From 1981 to about 1987, Ron Rudat was Hasbro’s G.I. Joe figure designer. This drawing likely dates to 1984 or 1985. As with the last two we’ve examined here at A Real American Book!, it’s Rudat figuring out the look of Cobra’s Battle Android Trooper. Here’s a production B.A.T. that I purchased in 1986:
Here’s another Rudat concept, which for my own sense of organization I’m calling B.A.T. Concept #3.
In its plastic, finished form, the B.A.T.’s color scheme and robot-head make for a compelling villain. The interchangeable parts and the lenticular chest label add a dash of innovation that makes this one of the most fun-to-play with G.I. Joe action figures. My brother and I would have our B.A.T.S walk in a stilted, halting gait, and we’d make a clicking sound to mimic the mechanical march we’d heard in “Arise, Serpentor, Arise!,” a quintet of cartoon episodes that aired in the fall of ’86.
What about the B.A.T. strikes you?
While Ron Rudat is best known for designing the G.I. Joe figure line (and a few vehicles) from 1981 to about 1987 (for the ’82 to about-the-’88 lines), what’s less well known is that he continued to contribute after that. Case in point, Star Bridgade Cobra Commander. Remember when Cobra Commander was an astronaut? You don’t? Oh, that’s because you perhaps stopped paying attention to the Real American Hero line before its end in 1994. Well, to catch you up, those final two years had a bunch of favorites (Duke, Roadblock, Destro) in astro-gear. And some aliens. (A topic for another day). Anyhoo, full disclosure, I added the color above. Today’s art is a black and white photocopy. Continue reading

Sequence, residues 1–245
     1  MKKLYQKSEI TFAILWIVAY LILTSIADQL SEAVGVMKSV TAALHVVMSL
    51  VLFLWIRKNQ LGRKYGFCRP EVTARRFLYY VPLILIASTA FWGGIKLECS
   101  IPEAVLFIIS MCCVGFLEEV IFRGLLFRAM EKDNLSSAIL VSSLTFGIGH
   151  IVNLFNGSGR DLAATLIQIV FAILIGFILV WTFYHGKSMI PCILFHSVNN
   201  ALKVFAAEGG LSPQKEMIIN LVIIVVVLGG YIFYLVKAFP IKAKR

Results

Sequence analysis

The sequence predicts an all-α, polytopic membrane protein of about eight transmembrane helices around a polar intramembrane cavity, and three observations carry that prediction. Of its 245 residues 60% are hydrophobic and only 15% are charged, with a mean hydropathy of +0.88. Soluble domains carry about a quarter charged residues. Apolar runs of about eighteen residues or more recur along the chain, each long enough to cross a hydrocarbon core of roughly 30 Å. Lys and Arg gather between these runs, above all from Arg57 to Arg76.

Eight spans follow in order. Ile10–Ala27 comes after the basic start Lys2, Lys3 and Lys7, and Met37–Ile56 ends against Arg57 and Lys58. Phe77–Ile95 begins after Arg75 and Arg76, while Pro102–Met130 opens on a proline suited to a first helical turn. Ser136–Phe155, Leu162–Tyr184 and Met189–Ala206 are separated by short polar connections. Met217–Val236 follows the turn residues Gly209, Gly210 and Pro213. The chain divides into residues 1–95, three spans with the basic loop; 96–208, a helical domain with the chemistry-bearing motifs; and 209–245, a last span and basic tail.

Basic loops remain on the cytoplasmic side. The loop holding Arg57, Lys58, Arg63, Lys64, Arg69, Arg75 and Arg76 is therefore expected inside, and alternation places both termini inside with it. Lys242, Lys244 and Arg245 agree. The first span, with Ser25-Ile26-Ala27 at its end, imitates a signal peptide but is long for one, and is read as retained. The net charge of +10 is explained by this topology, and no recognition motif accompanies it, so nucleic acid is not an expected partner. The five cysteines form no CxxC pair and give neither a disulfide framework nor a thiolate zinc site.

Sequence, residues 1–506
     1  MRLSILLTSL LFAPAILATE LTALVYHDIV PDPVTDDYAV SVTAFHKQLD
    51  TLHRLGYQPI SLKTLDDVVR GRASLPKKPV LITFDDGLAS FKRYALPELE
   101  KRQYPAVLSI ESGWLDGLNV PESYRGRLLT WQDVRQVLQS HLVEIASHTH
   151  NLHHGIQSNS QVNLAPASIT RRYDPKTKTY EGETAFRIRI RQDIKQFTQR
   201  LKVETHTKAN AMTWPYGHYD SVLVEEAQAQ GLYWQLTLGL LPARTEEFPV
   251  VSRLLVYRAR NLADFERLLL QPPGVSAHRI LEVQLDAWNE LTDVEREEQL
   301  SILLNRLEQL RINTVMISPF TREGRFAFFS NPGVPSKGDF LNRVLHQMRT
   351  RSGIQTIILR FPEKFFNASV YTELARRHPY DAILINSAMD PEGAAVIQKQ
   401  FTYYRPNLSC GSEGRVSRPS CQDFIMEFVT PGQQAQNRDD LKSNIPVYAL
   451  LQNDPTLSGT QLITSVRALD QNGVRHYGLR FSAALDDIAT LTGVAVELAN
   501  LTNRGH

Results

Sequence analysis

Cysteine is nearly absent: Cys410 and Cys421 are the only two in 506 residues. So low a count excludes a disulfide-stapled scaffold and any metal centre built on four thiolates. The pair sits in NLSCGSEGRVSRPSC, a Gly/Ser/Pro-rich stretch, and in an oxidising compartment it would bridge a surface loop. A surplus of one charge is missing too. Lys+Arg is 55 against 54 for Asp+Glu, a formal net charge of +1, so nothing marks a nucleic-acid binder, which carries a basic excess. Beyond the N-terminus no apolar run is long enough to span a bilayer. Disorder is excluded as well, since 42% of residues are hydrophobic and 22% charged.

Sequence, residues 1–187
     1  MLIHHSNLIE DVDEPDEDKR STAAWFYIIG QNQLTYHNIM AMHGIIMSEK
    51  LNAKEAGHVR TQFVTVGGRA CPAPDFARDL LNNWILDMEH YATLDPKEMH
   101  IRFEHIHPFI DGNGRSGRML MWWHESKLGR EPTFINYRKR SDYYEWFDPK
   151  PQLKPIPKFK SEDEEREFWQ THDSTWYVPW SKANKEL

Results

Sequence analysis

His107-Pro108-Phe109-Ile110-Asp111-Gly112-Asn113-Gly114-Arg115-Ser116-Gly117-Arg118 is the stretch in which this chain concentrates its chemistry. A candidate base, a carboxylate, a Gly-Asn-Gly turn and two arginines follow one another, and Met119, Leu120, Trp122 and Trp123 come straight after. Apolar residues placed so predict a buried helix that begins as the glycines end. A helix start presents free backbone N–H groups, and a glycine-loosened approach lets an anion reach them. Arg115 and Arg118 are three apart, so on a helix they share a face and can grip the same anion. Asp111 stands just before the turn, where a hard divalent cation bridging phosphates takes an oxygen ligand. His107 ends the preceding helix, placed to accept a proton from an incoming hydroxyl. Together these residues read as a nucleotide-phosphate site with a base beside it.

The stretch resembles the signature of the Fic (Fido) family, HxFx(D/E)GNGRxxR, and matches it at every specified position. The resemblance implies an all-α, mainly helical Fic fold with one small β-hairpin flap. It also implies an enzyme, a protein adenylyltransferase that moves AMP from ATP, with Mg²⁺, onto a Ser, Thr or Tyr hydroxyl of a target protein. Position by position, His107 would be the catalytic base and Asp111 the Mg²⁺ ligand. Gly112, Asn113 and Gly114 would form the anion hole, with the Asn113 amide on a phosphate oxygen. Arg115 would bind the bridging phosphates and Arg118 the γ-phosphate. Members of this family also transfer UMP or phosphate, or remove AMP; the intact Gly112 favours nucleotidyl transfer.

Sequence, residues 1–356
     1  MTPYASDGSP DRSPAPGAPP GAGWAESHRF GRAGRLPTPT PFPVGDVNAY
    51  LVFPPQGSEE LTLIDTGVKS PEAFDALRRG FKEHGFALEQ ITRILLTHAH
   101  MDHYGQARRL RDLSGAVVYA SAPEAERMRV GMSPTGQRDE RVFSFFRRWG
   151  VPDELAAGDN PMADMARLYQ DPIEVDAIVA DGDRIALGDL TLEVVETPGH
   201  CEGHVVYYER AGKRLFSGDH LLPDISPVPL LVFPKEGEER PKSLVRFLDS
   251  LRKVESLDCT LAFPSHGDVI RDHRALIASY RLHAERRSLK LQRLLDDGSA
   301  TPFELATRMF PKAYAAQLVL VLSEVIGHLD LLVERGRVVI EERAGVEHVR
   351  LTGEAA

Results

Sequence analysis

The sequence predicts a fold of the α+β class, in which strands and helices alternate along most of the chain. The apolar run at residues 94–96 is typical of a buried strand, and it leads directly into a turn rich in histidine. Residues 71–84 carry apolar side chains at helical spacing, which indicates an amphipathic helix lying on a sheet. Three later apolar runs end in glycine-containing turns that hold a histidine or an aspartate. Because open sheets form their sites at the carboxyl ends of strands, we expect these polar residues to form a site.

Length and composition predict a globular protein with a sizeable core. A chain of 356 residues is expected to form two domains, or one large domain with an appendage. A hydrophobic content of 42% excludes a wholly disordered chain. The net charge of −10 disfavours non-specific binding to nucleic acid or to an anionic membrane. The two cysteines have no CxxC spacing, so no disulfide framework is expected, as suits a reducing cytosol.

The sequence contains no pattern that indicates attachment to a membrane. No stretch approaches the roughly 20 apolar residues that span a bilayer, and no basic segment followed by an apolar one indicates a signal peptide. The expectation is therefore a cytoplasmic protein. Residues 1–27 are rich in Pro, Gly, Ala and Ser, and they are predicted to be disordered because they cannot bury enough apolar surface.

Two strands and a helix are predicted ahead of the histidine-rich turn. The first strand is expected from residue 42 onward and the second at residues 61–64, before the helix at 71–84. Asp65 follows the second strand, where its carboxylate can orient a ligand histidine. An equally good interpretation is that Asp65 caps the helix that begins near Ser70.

As previously mentioned here, in the mid-’80s freelance artist Dave Dorman painted fully rendered presentation pieces of characters already sketched out by figure designer Ron Rudat. These were internal-only to Hasbro, and not intended as package art or for public consumption. Even at this stage, a Joe or Cobra could still get nixed. From 1986, here is an idea for a Dreadnok that didn’t make it further. Note the misspelled name. Continue reading
For every figure that made it into the line, dozens were proposed as concepts and sketches. Here’s a color marker comp (ink on a photocopy of pencil art) by Kurt Groen of an unproduced Cobra soldier — likely some kind of Viper — from spring of 1990. I’m not sure if this character made it into three dimensions, but I doubt it. Click for a slightly larger image:
Subtly refining the art and adding a touch of detail, Groen redrew this as a finished color presentation “painting,” but by the time he was involved with the brand the toy development process dictated the internal presentation paintings no longer be painted. The final art, not pictured, looks just about the same as the rough, above.
Presumably this character was initially pitched for the 1992 product line.